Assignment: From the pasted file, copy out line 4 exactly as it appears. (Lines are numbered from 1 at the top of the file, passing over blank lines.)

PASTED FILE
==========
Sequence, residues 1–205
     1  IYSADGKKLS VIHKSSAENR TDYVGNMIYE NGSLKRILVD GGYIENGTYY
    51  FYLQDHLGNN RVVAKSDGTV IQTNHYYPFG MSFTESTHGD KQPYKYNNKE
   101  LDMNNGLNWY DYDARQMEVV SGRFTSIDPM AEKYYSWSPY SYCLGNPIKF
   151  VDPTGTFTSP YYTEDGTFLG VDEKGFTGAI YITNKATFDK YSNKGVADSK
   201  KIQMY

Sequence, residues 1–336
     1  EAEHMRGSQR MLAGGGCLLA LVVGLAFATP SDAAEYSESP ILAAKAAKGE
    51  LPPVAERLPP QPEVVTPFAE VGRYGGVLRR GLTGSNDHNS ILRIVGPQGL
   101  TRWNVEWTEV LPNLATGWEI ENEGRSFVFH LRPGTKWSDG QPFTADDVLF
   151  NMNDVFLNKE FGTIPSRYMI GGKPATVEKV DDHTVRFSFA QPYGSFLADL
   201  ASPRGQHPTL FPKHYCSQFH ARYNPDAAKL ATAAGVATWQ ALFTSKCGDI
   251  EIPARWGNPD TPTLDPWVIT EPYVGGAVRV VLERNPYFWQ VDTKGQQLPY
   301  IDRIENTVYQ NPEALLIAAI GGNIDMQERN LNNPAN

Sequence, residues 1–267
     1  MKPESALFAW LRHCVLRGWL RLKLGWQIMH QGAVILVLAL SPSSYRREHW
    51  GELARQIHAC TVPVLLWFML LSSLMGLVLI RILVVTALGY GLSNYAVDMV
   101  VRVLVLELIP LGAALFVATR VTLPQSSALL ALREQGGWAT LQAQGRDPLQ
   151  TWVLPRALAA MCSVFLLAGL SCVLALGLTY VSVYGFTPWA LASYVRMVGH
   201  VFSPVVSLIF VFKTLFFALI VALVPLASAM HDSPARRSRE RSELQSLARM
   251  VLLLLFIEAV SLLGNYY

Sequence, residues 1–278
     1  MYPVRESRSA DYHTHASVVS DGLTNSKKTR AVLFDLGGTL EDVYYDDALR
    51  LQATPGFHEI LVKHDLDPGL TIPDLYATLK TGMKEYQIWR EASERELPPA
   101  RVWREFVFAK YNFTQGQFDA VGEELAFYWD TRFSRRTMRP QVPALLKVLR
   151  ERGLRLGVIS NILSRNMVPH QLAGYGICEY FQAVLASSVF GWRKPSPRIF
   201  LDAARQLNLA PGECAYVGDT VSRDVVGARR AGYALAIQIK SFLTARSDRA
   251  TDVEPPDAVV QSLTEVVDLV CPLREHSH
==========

   101  LDMNNGLNWY DYDARQMEVV SGRFTSIDPM AEKYYSWSPY SYCLGNPIKF